She pointed out that autistic people, who usually find it hard to communicate, were particularly comfortable using computers.
‘Of course, we do not know whether the current increase in autism is due more to increased awareness and diagnosis of autism, or whether it can – if there is a true increase – be in any way linked to an increased prevalence among people of spending time in screen relationships. Surely it is a point worth considering,’ she added.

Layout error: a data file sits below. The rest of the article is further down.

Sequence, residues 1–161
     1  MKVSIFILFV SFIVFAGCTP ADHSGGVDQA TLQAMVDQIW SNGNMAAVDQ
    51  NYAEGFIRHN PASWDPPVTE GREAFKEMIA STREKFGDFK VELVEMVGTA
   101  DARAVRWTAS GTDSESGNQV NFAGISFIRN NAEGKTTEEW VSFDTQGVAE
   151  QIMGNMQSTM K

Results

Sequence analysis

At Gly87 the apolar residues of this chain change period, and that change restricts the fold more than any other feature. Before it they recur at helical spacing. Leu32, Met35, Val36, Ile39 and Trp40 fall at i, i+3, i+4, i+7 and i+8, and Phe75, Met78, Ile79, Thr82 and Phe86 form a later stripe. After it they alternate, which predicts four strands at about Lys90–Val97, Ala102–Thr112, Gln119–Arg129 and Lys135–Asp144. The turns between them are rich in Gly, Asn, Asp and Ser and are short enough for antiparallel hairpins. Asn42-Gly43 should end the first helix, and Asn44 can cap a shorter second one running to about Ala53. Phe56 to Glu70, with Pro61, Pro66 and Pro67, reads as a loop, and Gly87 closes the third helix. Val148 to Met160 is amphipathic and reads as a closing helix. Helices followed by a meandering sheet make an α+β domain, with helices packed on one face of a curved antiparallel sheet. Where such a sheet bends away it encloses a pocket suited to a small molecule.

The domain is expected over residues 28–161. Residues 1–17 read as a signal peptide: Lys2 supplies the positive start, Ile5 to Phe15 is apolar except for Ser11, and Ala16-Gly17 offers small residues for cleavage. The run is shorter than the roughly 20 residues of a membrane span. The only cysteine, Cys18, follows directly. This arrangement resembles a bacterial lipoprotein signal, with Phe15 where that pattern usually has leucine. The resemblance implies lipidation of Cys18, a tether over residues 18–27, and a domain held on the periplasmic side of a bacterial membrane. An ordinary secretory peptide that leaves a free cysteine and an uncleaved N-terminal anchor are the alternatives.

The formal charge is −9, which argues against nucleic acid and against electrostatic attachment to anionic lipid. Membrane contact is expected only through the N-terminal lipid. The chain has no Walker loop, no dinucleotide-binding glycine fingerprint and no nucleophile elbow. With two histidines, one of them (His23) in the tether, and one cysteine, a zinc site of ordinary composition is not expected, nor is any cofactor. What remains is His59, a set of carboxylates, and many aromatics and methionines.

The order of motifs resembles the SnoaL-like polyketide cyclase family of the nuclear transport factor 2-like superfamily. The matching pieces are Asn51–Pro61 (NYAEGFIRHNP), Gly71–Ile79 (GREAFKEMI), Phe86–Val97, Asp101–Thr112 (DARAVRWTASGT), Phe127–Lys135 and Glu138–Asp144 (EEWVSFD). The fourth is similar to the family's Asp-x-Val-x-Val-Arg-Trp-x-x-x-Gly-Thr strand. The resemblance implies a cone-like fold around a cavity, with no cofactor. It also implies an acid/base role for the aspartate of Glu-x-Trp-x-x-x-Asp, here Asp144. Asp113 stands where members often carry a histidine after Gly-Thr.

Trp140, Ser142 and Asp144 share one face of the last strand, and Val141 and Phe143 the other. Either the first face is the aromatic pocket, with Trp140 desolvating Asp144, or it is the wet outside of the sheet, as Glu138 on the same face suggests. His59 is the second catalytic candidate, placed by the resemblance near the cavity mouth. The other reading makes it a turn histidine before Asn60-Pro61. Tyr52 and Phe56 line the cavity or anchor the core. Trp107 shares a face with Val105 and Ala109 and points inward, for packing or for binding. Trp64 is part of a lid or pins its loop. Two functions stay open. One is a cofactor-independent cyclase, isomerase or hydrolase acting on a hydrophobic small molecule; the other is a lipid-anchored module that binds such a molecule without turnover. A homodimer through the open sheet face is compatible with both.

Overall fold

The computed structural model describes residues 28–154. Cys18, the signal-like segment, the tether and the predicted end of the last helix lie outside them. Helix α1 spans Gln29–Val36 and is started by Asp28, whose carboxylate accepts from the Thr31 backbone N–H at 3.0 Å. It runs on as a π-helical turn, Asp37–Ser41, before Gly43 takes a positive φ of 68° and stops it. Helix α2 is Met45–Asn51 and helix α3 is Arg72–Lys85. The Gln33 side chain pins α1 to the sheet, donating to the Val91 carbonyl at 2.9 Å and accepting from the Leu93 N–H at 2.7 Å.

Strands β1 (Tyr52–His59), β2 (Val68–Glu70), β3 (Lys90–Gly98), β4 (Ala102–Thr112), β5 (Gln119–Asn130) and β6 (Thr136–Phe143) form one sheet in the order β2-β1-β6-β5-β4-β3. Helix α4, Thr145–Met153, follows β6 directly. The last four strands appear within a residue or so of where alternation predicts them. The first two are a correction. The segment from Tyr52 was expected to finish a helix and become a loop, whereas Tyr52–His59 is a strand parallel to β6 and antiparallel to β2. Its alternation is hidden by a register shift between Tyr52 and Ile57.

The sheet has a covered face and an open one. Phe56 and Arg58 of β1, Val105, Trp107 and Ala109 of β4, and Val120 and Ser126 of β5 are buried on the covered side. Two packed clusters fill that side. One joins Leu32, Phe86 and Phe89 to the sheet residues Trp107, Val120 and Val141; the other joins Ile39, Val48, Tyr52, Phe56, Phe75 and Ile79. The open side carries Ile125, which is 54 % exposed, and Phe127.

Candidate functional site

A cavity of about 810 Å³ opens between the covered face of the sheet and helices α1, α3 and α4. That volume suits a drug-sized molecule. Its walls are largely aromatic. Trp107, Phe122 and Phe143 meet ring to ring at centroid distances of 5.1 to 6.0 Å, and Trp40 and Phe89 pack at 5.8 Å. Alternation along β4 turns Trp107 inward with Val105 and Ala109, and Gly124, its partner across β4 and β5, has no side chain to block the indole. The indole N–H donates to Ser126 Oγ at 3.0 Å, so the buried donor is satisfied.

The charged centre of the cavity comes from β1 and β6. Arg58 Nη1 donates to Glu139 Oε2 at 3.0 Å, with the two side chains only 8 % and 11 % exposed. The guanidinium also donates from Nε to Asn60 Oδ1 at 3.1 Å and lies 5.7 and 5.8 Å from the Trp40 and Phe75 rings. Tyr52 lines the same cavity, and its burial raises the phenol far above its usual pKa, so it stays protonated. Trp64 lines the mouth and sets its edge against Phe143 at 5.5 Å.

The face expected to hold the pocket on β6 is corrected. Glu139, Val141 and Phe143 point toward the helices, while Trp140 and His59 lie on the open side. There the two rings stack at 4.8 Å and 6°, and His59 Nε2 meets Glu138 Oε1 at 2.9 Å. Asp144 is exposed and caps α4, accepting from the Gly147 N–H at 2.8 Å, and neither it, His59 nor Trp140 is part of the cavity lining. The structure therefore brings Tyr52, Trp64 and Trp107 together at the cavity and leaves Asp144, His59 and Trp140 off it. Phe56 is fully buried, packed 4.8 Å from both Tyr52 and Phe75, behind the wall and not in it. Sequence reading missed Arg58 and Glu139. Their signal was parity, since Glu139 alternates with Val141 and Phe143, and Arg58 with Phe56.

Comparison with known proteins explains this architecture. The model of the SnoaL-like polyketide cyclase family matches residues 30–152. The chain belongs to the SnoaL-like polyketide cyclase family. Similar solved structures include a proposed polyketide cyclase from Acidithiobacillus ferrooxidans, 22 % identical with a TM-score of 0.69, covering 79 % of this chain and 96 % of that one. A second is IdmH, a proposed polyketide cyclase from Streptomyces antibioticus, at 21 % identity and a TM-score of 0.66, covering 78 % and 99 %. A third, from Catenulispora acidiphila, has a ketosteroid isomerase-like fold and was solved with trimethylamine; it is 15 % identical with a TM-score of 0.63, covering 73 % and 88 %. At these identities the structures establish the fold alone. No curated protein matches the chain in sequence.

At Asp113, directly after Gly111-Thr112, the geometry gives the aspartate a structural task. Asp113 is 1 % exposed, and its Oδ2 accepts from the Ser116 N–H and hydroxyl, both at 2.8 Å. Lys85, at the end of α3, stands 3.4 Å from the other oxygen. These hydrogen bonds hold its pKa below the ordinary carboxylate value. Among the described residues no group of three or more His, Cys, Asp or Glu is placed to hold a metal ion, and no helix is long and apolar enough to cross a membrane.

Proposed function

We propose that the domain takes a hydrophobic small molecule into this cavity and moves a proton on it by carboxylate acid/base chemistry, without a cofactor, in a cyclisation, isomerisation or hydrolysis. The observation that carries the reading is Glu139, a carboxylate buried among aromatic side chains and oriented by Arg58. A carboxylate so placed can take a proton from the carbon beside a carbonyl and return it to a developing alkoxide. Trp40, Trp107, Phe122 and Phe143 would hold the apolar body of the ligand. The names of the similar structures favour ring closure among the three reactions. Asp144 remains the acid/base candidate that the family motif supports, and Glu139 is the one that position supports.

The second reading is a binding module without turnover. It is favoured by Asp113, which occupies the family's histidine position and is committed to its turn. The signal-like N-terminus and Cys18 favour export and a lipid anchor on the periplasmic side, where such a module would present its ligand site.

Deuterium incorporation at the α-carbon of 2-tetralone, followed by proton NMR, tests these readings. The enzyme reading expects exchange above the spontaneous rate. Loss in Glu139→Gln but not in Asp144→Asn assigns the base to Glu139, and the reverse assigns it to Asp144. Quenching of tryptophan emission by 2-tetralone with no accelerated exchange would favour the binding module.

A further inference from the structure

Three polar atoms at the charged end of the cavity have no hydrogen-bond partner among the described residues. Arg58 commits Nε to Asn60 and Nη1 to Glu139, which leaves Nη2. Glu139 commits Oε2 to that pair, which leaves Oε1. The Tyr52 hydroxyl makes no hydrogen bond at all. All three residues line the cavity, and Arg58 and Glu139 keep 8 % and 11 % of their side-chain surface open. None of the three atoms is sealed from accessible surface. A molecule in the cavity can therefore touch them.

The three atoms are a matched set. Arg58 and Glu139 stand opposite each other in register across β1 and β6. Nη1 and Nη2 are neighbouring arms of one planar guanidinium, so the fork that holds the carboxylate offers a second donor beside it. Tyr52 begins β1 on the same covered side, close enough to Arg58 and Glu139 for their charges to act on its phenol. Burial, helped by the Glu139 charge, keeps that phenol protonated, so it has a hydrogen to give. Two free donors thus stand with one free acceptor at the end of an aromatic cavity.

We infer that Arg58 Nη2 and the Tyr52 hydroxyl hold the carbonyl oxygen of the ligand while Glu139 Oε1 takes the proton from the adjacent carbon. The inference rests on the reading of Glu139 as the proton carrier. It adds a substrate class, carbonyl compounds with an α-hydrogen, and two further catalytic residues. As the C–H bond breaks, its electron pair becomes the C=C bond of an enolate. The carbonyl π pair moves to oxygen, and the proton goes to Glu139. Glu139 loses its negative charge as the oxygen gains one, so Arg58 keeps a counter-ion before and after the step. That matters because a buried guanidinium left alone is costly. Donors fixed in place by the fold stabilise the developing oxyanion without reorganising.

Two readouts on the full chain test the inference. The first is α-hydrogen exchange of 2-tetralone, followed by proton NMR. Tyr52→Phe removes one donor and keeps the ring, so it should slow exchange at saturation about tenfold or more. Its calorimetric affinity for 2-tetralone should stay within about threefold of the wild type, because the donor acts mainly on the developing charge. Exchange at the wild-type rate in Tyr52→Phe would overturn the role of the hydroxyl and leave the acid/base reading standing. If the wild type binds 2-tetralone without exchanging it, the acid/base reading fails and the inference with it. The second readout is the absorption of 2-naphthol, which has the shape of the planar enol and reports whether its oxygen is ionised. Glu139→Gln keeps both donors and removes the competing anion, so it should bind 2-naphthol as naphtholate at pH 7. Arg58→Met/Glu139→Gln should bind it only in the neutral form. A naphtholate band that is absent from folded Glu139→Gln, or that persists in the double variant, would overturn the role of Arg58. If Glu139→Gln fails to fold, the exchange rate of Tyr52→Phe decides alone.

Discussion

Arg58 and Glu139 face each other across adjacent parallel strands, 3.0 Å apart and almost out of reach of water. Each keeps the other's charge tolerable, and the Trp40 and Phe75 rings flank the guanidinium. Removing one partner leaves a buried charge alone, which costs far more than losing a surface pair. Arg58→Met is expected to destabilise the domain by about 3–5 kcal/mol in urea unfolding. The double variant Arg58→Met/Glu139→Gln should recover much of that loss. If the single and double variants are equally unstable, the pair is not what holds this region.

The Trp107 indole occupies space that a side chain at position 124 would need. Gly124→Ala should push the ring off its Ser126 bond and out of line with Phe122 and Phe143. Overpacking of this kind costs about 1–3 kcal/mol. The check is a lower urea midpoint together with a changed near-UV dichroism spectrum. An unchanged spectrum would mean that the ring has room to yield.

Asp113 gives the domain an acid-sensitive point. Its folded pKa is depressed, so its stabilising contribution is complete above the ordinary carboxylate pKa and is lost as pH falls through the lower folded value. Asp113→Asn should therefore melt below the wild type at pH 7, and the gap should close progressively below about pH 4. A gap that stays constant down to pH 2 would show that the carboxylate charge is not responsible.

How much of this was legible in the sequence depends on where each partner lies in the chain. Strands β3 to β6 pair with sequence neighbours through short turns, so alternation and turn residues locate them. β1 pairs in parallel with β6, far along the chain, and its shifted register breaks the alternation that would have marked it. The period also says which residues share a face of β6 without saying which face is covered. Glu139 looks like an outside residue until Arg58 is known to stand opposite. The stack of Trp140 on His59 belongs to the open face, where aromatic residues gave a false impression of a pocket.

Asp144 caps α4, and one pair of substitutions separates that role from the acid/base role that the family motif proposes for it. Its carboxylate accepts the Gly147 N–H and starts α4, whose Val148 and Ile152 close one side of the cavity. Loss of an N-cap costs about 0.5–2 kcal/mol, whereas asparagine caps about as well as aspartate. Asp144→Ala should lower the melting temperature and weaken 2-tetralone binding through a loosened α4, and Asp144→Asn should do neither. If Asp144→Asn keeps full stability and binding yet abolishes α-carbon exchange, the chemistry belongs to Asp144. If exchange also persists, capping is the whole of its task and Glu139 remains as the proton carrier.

Pardon? People who are autistic are comfortable using PCs, so PCs may cause autism? This (a) supposes that autism is something that is caused after infancy (as far as I know, people tend not to learn to use computers before they can crawl#); (b) as Baroness Greenfield points out, it also supposes that there genuinely is a rise in the prevalence of autism, rather than increased awareness and diagnosis; (c) it also supposes that there is some reason to believe that autism is ’caused by environment’ – that, say, watching TV or playing on the computer can by some unknown mechanism lead to autism. I think it’s daft and irresponsible of Baroness Greenfield to speculate about autism when the speculation would seem to be uninformed. She may well be “an eminent scientist”, but she is not an expert in autism and is therefore operating outside her own field. The Daily Fail referring to her as an eminent scientist appears to lend authority to her speculation on computers causing autism – but it shouldn’t. The most important thing to remember here is that no work has been done. She may be an eminent neuroscientist at Oxford University, but she hasn’t written a paper on autism or done a study on the effects of computers – she’s given a personal opinion to a journalist and nothing more.